As shown in FIGS. 2A and 3, a plurality of temperature sensors are positioned in proximity to the wafer 22. The temperature sensors may take any of a variety of forms, such as optical pyrometers or thermocouples. The number and positions of the temperature sensors are selected to promote temperature uniformity, as will be understood in light of the description below of the preferred temperature controller. Preferably, however, the temperature sensors directly or indirectly sense the temperature of a position in proximity to the wafer.
In the illustrated embodiment, the temperature sensors comprise thermocouples, including a first or central thermocouple 38, suspended below the wafer holder 24 in any suitable fashion. As is known, thermocouples directly supply a voltage, which serves as an indicator of temperature. The illustrated central thermocouple 38 passes through the spider 26 in proximity to the wafer holder 24. The reactor 10 further includes a plurality of secondary or peripheral thermocouples, also in proximity to the wafer 22, including a leading edge or front thermocouple 40, a trailing edge or rear thermocouple 42, and a side thermocouple 44 (FIG. 3). Each of the peripheral thermocouples is housed within a slip ring 46 which surrounds the wafer holder 24 and wafer 22.
As shown in FIG. 3, each of the central and peripheral thermocouples are connected to a temperature controller 45, which sets the power of the various heating elements 30, 32 in response to the readings of the thermocouples.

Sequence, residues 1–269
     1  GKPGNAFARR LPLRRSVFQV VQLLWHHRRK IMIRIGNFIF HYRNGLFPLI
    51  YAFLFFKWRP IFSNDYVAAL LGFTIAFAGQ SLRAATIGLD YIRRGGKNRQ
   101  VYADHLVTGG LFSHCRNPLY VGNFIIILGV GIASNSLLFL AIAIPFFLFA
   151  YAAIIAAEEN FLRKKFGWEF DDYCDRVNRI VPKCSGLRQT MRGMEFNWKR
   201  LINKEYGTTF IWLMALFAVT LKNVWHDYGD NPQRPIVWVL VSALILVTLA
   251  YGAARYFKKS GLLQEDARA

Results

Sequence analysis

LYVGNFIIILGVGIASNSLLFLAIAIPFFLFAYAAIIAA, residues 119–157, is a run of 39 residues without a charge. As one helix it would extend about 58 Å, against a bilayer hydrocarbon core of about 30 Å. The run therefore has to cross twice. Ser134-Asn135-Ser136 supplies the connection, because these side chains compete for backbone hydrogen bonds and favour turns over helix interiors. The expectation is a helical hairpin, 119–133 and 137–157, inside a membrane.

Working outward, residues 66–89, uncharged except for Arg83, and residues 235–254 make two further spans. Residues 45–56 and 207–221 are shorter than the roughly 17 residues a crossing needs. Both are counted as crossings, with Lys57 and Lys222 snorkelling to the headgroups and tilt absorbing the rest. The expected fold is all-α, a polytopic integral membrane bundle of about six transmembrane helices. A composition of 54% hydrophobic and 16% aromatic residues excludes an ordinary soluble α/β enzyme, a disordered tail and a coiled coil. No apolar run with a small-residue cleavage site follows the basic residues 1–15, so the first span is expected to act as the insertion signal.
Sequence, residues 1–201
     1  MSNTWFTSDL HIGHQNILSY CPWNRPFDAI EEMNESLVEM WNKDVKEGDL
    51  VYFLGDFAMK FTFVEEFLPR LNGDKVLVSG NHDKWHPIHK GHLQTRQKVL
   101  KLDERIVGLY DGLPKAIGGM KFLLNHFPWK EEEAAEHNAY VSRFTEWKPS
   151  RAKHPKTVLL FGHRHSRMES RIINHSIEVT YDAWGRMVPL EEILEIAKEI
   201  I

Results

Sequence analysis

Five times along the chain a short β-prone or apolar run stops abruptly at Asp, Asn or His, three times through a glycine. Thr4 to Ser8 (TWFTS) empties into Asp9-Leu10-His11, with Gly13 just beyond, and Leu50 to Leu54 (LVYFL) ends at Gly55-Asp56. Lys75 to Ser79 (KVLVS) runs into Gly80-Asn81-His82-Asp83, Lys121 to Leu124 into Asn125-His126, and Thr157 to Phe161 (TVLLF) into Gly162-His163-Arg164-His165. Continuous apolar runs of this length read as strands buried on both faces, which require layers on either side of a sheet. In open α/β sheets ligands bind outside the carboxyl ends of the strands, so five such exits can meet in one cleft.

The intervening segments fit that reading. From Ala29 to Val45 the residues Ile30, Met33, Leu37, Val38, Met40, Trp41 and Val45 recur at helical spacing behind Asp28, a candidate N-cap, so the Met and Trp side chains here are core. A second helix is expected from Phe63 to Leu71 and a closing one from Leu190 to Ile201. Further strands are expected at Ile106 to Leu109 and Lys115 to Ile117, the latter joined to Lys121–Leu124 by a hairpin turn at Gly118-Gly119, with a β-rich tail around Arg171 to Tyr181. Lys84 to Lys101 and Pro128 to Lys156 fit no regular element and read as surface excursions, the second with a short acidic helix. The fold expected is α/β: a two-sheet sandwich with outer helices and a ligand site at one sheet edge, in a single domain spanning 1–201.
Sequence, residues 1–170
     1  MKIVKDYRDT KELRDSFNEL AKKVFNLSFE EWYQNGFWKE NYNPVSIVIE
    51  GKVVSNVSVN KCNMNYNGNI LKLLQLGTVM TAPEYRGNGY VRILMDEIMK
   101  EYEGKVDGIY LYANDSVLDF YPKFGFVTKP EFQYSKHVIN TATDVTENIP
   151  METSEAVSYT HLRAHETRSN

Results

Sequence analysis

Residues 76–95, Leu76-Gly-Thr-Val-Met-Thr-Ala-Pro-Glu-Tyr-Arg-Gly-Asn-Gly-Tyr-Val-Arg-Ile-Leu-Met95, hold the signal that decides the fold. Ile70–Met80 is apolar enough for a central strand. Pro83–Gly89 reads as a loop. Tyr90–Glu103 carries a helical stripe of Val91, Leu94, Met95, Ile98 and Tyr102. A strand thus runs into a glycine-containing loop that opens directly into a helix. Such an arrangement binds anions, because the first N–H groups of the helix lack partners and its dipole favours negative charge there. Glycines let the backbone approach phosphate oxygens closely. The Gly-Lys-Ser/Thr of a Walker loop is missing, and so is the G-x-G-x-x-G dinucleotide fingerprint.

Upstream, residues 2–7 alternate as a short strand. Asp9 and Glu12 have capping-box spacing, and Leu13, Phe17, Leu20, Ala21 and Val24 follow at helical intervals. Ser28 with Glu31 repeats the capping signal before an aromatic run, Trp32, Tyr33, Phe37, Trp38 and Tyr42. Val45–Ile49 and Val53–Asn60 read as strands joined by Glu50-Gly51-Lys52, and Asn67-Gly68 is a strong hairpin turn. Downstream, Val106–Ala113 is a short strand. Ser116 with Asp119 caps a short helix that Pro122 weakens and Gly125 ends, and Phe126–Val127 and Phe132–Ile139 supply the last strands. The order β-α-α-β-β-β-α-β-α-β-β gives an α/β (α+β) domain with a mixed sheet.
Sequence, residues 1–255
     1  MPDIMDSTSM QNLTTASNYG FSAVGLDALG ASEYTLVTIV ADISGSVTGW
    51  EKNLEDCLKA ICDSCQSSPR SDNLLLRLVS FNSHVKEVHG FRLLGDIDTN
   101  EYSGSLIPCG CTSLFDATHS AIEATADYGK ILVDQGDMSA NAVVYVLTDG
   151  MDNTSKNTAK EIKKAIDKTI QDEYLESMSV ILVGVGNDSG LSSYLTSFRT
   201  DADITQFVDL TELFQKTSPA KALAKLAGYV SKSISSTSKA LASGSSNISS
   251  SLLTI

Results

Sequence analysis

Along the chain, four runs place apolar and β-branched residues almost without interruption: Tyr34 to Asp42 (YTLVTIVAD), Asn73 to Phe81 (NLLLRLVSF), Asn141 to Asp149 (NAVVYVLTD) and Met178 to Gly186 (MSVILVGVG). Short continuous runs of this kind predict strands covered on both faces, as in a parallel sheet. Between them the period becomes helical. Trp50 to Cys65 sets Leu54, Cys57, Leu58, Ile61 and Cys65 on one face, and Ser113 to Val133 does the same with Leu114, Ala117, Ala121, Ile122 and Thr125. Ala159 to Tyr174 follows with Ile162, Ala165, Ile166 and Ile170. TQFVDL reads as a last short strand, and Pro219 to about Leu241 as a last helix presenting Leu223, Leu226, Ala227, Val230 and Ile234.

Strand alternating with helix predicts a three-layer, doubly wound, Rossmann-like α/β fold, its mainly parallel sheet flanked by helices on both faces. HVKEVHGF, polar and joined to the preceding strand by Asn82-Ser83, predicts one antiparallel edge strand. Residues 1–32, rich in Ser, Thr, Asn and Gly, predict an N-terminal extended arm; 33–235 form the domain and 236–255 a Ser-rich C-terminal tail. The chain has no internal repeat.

In addition to housing the peripheral thermocouples, the slip ring 46 absorbs radiant heat during high temperature processing, such that heat will flow toward the wafer 22 edges. This compensates for a tendency toward greater heat loss at wafer edges, a phenomenon which is known to occur due to a greater ratio of surface area to volume in regions near such edges. By minimizing edge losses and the attending radial temperature non-uniformities across the wafer 22, the slip ring 46 can reduce the risk of crystallographic slip. The slip ring 46 can be suspended by any suitable means. For example, the illustrated slip ring 46 in FIG. 2A rests upon elbows 48 which depend from a front chamber divider 50 and a rear chamber divider 52. The dividers 50, 52 desirably are formed of quartz.
The illustrated reaction chamber 12 includes an inlet port 54 for the injection of reactant and carrier gases. An outlet port 56 is on the opposite side of the chamber 12, with the wafer support structure 24 positioned between the inlet 54 and outlet 56. Further details regarding reaction chambers of this type are disclosed in assignee's copending application entitled METHOD OF PROCESSING WAFERS WITH LOW MASS SUPPORT, application Ser. No. 09/184,491, filed Nov. 2, 1998, and U.S. Pat. No. 4,975,561, both of which are hereby incorporated by reference in their entirety.
Desirably, a portion of the radiant heat is diffusely reflected into the chamber 12 by rough specular reflector plates above and below the upper and lower heating assemblies 30, 32, respectively. In some arrangements, the heating assemblies may include curved focusing reflectors to focus the radiant energy from some heating elements. For example, energy from peripheral heating elements in an upper heating chamber may be focused downward upon a temperature compensation ring, to compensate for peripheral heat losses at wafer edges, while central heating elements diffusely heat the wafer. U.S. Pat. No. 4,975,561, referenced above, discloses such radiant heat focusing elements. Other reflectors can be disposed outside all sides of the reaction chamber 12.